13th annual Omaha Triathlon welcomes back spectators

Athletes participate in the 13th annual Omaha Triathlon
Published: Jul. 17, 2022 at 2:23 PM CDT
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OMAHA, Neb. (WOWT) - Over 350 athletes swam, pedaled and ran to the finish line for the 13th annual Omaha Triathlon Sunday.

The kids triathlon on Saturday and the teen/adult race on Sunday both returned to Lake Cunningham. Some athletes were in their seventies, others were teens competing for the High School Nebraska championships.

“We’ve got people from all over the country that travel to do these races just because it’s part of their lifestyle,” said Assistant Race Director, Derek Schuler. ”It’s what they like to do and it’s what keeps them active and healthy.”

Jill Pearce started competing in triathlons in 2009 and has done one every year since. When she wrapped up her college swimming career, she wanted to find a way to stay in shape.

“Got into triathlons, did my first one in Lincoln. I finished and I said ‘when’s the next one” says Pearce. “I just really loved training for it because it balanced the different disciplines and I wasn’t doing the same thing like running every day or swimming every day,”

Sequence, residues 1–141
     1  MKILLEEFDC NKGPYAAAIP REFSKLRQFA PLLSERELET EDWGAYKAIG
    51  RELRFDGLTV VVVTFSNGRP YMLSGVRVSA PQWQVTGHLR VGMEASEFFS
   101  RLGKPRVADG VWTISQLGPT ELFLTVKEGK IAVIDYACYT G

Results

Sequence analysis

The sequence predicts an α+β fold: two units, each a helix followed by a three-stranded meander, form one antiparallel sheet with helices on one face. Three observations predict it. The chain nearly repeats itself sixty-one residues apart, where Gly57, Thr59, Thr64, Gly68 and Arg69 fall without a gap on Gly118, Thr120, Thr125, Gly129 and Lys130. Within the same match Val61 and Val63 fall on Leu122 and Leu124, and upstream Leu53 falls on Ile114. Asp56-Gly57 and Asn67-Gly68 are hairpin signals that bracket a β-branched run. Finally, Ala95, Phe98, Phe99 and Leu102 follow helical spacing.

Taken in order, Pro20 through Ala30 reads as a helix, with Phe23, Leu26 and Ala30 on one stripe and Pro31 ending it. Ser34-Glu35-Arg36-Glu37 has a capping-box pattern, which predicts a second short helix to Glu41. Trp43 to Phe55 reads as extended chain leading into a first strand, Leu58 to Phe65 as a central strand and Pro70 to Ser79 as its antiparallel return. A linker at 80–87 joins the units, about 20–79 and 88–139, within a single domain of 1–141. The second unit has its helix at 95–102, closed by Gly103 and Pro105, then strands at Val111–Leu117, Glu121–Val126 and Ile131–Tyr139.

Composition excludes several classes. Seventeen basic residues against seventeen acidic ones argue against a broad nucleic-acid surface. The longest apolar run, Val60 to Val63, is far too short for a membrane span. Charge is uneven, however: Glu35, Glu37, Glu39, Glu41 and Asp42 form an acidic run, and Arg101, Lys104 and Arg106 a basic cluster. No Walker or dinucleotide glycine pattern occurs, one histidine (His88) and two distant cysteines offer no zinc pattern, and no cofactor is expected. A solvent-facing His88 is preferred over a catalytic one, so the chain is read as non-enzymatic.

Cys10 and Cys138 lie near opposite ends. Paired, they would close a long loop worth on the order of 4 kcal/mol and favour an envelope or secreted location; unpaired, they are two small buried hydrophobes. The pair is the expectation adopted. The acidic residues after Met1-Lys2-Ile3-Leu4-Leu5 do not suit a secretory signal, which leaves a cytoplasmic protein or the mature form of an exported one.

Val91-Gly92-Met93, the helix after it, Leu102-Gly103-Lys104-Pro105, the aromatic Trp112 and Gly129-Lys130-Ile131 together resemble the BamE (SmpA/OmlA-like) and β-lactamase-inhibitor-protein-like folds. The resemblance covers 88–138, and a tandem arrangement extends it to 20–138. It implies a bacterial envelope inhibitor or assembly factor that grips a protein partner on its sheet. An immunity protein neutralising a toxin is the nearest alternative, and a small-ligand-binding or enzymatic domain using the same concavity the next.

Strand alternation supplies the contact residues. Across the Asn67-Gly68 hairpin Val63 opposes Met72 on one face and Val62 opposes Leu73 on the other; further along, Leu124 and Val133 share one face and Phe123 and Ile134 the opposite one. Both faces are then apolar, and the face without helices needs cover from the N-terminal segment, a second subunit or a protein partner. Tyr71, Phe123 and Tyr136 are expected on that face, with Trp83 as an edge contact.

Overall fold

Sunday she took on the Sprint Triathlon: a 750-meter swim, a 12-mile bike and a 5K run.

“Either people just want to try something new and challenge themselves or it’s something that they’ve gotten hooked on. It’s that summer goal and it keeps you working on throughout the year because you know you have that race in the summertime. I don’t know, because it is kind of a crazy sport but that’s why I keep coming out!”

The race was able to continue these past two years, even during a pandemic. But it looked a lot different.

“We didn’t allow any spectators, we didn’t have any sponsors that were allowed on or at the course, we made sure if they [volunteers] were handing out water that they were gloved and masked, we had our own staff wearing face masks,” says Schuler. “We just wanted to make sure that everybody felt comfortable, but they were also able to race.”

This year friends and family were allowed to cheer athletes on in-person, something Schuler says is needed during a tough course.

“Coming out of that water after that swim is one of the worst things ever, especially if it’s a hot day and having family, friends, the Westside High School football team here, cheering them on and giving them a lot of energy as they’re coming out of the water, or coming off of the bike or going out on the run or finishing the race, is just an astronomical thing that these athletes really need to help them get that motivation to strive for that finish line.”

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